Author Archives: Steve Pauls
In the final installment of my blog series concerning education and technology, I would like to look ahead at the new technology that is currently attracting interest within educational and academic research. As a reminder, this series stems from the Jean Piaget Society conference I attended which had the theme “Technology and Human Development.” In prior blog posts, I discussed the rate of change of technology (part I), definition of ancient vs digital technology (part II), and the implications of the shift from software to cloud based technology in education (part III). My interest in educational technology relates to its effects on how we both individually and as a society process and construct new ideas. The question for me is as technology rapidly changes how will that affect the way we learn?
The hot new topic in technology is Virtual Reality (VR). We have begun to see simple units developed for the mass market, such as Samsung’s Gear VR, the HTC Vive, Facebook’s Oculus Rift, and Google Daydream. As is often the case, the entertainment industry seems to be the driving force behind the introduction of this new technology. Video games and short promotional movies are being developed first and the future financials for VR seems to be immense. One projection by Greenlight Insights indicates that that VR will continue to drive at a 64% annual increase and be a $75 billion dollar industry by 2021.
What is different about this particular technological change is that even though VR has yet to be standardized and Educational Technology isn’t as “sexy” as the entertainment industry, we have already begun to see major players beginning to embrace the EdTech VR market. Google is an example, as it leads the way in trying to understand what VR will mean for the classroom. The “core” idea at this point seems to be to use the new technology to expand and improve on what is already being taught by improving access, active participation, and independence for all students.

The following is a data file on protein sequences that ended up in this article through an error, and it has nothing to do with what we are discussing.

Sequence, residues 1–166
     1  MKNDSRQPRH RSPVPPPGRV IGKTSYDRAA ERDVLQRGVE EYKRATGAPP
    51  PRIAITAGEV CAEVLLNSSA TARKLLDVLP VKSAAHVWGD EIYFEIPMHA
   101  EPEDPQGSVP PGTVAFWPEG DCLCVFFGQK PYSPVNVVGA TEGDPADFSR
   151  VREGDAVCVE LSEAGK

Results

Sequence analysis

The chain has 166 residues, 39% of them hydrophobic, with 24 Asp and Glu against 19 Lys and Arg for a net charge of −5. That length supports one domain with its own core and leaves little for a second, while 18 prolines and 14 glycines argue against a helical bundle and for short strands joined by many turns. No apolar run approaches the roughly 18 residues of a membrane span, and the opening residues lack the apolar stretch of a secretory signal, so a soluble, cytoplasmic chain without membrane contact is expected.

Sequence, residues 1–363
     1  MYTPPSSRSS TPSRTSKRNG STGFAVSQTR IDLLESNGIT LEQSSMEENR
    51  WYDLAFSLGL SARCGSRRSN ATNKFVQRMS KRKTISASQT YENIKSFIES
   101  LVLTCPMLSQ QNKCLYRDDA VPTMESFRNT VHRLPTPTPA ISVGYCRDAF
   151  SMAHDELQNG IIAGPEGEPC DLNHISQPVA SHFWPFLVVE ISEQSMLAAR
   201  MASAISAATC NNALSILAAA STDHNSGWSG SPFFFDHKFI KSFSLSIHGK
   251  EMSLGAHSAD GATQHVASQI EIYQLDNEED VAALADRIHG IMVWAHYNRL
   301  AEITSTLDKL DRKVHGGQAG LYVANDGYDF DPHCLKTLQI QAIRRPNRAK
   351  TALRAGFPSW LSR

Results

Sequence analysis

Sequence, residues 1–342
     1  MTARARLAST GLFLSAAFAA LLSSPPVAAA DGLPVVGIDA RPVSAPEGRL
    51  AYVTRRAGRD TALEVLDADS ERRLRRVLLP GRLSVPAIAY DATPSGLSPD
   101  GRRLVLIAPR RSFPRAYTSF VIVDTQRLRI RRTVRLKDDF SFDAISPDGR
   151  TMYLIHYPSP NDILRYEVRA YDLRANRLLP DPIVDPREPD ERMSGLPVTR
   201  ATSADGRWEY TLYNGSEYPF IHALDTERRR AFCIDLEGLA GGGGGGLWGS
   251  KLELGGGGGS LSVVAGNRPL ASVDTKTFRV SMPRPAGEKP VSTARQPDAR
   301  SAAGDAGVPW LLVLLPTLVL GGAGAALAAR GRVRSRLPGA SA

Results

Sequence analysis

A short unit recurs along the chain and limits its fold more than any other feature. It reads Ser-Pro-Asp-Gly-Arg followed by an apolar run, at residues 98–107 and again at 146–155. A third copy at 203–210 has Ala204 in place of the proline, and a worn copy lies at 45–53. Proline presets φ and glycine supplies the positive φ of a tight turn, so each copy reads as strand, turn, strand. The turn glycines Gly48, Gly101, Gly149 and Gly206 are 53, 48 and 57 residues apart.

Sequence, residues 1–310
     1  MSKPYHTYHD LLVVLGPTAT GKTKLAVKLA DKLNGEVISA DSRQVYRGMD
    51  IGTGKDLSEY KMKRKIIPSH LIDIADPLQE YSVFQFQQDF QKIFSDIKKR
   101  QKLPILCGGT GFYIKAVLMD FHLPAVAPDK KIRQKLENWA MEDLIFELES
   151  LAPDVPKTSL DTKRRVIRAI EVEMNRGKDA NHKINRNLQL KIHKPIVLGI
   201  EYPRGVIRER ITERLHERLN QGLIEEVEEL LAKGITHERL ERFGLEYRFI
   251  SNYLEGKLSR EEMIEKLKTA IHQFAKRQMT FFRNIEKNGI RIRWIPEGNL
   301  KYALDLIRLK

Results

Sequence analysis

Currently, there are examples of virtual field trips or walking tours of natural and architectural wonders from around the world being developed for many different disciplines in education. These 360-degree tours provide an immersive and memorable VR classroom experience in which to relate to the content material differently from images in a textbook. In the future, this VR experience will not only be visual but will use haptic technology to involve the other senses such as touch, smell, and sounds for a truly immersive and actively engaging experience. But VR is being used as educational technology in other ways as well, taking advantage of the ability to use eye-tracking to gage student focus and interest. Current applications include developing smoking cessation applications, helping students develop personal empathy, reducing student anxiety, and VR sessions that help acclimatize therapists to working with real patients.
I do feel that in education we are limited only by our imagination in this new world of virtual reality and do not currently understand the depth of change this revolution that is about to take place in education. Rapidly changing technology is not only set to change our educational structure but will also change how we cognitively process and store information within our brain. The question, then, is are we willing to ride the wave of technological change or be dragged along kicking and screaming in its undertow?